|Home | Contact us | Links | Archives|
|Local Somalis Fear Kids Will Claim Abuse To Escape Tradition|
Local Somalis Fear Kids Will Claim Abuse To Escape Tradition
Columbus Has 2nd-Largest Somali Community In Country
COLUMBUS, Ohio, August 4, 2003 (AP) -- Some leaders of the city's Somali community say they fear teenagers who want to abandon their native culture and become more Americanized will accuse their parents of abuse as a way of breaking free of their families.
"Every Somali in Ohio knows this issue," said Maryan Warsame, director of the Somali Women's Association. "We are waiting to see what happens."
Columbus has the second-largest Somali community in the United States after Minneapolis, according to social service agencies.
Children are beginning to rebel after learning English and admiring American culture, Warsame said. Many girls in particular want to shed their head coverings and daily prayers for rap music, blue jeans and boyfriends.
"Many families are hesitant to discipline their children because they could call 911," said Hassan Omar, president of the Somali Community Association of Ohio. The parents often don't speak English.
"The parents love their children. They came over here to save their children and educate their children."
The community leaders said they worried this week following the conviction of a man whose daughter said he threatened her with knives.
Mohamed Shide, 38, who moved to the United States from Somalia five years ago, was convicted Friday in Franklin County Municipal Court of misdemeanor domestic violence for threatening his daughter. He said he would appeal.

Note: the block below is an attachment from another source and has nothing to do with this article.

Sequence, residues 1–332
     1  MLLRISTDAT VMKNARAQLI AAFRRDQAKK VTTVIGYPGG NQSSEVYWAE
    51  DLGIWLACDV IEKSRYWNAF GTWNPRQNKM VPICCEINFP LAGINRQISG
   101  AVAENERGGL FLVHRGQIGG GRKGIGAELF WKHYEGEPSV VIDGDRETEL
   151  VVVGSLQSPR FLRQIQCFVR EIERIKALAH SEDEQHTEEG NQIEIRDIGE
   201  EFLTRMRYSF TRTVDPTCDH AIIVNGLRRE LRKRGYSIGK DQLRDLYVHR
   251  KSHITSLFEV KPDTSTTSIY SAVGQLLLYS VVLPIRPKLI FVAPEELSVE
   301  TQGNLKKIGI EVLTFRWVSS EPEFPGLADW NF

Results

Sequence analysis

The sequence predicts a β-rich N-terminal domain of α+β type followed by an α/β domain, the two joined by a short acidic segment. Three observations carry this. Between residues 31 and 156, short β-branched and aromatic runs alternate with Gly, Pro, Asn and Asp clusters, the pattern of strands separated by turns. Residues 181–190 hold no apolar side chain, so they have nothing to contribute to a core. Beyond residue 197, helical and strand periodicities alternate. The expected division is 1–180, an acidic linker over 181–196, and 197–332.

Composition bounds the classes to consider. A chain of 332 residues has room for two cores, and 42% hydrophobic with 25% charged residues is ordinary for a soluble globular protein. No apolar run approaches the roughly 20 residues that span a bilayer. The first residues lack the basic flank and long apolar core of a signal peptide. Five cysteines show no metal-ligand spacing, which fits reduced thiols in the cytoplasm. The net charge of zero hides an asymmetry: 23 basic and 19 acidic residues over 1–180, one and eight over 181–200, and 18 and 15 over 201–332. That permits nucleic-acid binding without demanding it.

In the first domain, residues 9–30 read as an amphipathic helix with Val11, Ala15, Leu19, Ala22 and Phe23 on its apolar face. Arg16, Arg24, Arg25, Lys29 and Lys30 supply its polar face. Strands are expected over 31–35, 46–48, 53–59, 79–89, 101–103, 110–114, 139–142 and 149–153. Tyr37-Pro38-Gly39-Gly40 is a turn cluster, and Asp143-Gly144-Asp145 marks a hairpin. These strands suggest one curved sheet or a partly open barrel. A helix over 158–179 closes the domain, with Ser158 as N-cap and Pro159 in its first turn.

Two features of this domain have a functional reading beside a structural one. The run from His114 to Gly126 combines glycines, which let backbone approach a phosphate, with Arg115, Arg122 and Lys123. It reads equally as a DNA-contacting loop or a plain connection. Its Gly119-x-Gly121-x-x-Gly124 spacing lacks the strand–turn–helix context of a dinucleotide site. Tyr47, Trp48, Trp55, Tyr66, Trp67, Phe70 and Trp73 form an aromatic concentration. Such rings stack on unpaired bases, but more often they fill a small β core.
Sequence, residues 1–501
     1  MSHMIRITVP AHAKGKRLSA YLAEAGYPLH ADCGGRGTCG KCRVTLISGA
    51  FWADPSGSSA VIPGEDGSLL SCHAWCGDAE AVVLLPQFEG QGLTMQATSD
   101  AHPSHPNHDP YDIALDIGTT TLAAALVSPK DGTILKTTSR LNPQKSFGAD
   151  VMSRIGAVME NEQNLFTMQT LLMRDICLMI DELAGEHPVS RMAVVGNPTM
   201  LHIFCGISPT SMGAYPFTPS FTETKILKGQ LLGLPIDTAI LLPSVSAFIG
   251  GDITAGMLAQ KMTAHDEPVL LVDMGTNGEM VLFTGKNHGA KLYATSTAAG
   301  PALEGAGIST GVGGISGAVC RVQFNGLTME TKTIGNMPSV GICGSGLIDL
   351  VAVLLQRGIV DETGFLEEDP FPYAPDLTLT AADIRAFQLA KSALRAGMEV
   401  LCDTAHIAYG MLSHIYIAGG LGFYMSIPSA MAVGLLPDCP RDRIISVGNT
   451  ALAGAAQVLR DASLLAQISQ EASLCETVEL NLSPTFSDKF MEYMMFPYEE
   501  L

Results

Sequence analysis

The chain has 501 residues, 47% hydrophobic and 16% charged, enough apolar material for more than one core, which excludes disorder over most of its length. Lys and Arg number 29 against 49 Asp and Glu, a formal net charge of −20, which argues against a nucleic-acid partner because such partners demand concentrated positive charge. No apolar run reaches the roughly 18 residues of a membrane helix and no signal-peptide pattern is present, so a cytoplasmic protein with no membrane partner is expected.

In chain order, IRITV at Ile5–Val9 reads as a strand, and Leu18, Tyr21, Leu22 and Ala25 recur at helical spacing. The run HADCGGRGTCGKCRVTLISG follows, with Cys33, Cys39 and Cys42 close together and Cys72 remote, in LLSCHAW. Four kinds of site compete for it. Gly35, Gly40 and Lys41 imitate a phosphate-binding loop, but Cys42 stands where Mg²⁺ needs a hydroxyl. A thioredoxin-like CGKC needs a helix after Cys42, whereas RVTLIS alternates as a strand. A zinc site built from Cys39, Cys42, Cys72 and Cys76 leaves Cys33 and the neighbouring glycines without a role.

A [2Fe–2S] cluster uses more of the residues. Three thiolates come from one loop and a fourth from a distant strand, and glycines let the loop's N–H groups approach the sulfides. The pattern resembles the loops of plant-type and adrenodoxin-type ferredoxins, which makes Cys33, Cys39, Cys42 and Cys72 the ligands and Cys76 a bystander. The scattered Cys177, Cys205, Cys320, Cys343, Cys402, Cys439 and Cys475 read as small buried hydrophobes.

Jurors acquitted him of aggravated menacing and couldn't reach a decision on counts of assault and domestic violence.
He was fined $100, given a 30-day suspended jail sentence and placed on probation for 13 months. He is not allowed to see his daughter.
Shide was arrested after his daughter described threats and abuse to an assistant principal at Eastmoor Middle School, where she attends sixth grade. Franklin County Children Services removed the girl from her home.
The girl's parents say the oldest of their five children invented the story so she could be placed with an American foster family. Her family, which spent many years in refugee camps, says she is 12 to 13 years old.
The girl and her father agree only that on May 13, he saw her standing outside school with an American boy and took her home. Beyond that, their stories part.
Shide said he turned the matter over to his wife. By Somali tradition, he said, mothers discipline daughters and fathers handle sons. He said he and his daughter ended the night with a hug.
But the girl said her father slapped her, put a pocket knife to her throat, then threatened her with a butcher knife. She locked her bedroom door that night.
In court, the girl wore a traditional a shawl covering her head, a long-sleeve shirt and a floor-length skirt and testified she still follows Muslim tradition.
But her family said she looked more like an American teen when with her foster family, sometimes changing clothes at school after leaving the house.
"She was wearing a dress that I have never seen, and it was very short," her mother testified through an interpreter. "Her stomach was naked."
John Saros, executive director of the Children Services agency, said a foster family has a duty to be open to a child's culture. The foster mother, who is not Muslim, said the girl continued to pray and wear traditional clothes.
The agency is trying to recruit and train Somali foster families, Saros said.